By Tom Spencer, Staff Writer


 


Judging by the Main Street crowds, students heeded UNH president Mark Huddleston’s request to celebrate “responsibly and safely” after the Super Bowl.

“This is great,” Chief Paul Dean of the UNH Police Department said. “We asked people to celebrate responsibly and that’s what they are doing. We’re not seeing too much damage or anything like that.”

The celebration began shortly after 10:00p.m., when students began pouring out of local establishments to celebrate the victory of the New England Patriots.

According to chief Dean, there were about 40 officers stationed along Main Street and the surrounding roads.

“What you see is what you get, unless things turn violent,” Dean said, referring to the equipment the officers were using.

There were policemen and women in black leather or nylon jackets, and black beanie caps. The state police were in yellow reflective jackets and campaign hats.

There were two police officers outside People’s United Bank directing students to stay on the sidewalks. Two more policemen were stationed outside Fairchild Hall. A crowd of about a hundred cheering people poured out of The Knot and the Jenkins Court area. They met with another group streaming out of Hetzel Hall.

Soon after, the students congregated on the island outside The Works café. A firework exploded above the neighborhoods near Jenkins court, and the crowd cheered. One student threw a glass bottle and it shattered in the middle of the road.

Several more fireworks went off, and around 50 more people ran down Main Street to meet the celebrants. Students on the island began jumping up and down and throwing handfuls of snow into the air.

Some students stood off to the side to film the crowd with cellphones or GoPro cameras. Students blocked both roads forking on either side of the island. The crowd swelled until Main Street was completely blocked off as well.

At 10:15p.m., police headed down Mill Road and watched the crowd from outside The Works.

By 10:35 p.m., President Mark Huddleston was observing students at the celebration. Dressed in a tan wool coat and fur hat, he watched the crowd of about 300 students shouting and throwing snowballs.

Students took pictures with Dean and Huddleston in the middle of Main Street throughout the night.

“I hope everyone enjoyed the game and celebrates safely,” Huddleston said.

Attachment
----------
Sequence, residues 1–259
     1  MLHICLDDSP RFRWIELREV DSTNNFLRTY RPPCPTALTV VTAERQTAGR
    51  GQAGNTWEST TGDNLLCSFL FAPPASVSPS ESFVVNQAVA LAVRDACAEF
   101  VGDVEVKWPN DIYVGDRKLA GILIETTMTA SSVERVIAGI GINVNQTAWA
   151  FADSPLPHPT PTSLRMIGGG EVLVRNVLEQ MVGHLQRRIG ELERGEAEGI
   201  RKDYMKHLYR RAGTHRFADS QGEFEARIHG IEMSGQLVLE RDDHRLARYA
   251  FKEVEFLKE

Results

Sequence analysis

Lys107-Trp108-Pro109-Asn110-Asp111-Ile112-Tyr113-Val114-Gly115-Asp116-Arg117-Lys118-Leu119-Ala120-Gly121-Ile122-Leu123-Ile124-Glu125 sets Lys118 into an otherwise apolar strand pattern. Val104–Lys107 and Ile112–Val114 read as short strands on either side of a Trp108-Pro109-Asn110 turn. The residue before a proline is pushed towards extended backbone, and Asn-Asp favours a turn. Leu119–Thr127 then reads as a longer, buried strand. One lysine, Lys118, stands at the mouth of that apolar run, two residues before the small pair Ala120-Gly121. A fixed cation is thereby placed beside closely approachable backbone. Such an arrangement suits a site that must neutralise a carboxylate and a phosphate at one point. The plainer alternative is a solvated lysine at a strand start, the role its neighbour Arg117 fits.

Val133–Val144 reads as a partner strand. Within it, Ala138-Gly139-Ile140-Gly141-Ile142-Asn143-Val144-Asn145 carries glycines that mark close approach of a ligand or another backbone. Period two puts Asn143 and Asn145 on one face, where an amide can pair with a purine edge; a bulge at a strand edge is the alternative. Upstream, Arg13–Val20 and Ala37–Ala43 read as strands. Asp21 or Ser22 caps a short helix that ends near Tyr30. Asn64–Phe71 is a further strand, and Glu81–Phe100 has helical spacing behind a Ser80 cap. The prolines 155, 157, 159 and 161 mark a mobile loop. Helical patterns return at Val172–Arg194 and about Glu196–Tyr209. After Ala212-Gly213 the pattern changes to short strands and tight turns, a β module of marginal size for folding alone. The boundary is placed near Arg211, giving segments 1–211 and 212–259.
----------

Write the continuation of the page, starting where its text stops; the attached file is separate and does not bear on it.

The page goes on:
There were members of the UNH, Durham, Dover, Laconia and Lee police gathered outside the Candy Bar at around 10:35p.m. There were also about ten members of the state police who had come to assist with crowd control.

Shortly thereafter, a white van flashing red and blue lights with “UNH Special Operations” turned right off of Main St. and the crowd parted slowly to allow it to pass.

At 10:40 p.m., a Durham police officer prevented a fight that was beginning between two students.

There were students climbing on top of the 25 miles per hour speed limit sign on Mill Road.

And not long after that, the state police formed a line across Main Street outside Young’s Restaurant and began to usher the crowd off the road toward Aroma Joe’s. The crowd cooperated with the police for the most part. There were no obvious violent confrontations.

Main Street was left littered with broken bottles and beer cans. Students had been climbing onto the concrete posts and jumping out of trees, but there was little damage to vehicles, businesses, or town property.

Members of the Lee, Durham, Dover, UNH, and State police departments convened again, and cleared the roads on the intersection of Main Street and Madbury Road. The crowd cooperated. There was a truck Town of Durham Operations flashing yellow lights parked at the Mill Road plaza.

At 11:00p.m., members of the Durham Police Department began telling students “It’s time to go home.” Dozens of students dispersed at the request of the officers.

“We gotta get plows through here and we have to clean this up,” an officer told students. “Go home now. You have class tomorrow.”

The crowd moved off the island and on to Commons Way, and by 11:15p.m., the crowd had dispersed. The police officers from each department then walked down Madburry Road, got into their cruisers and drove away.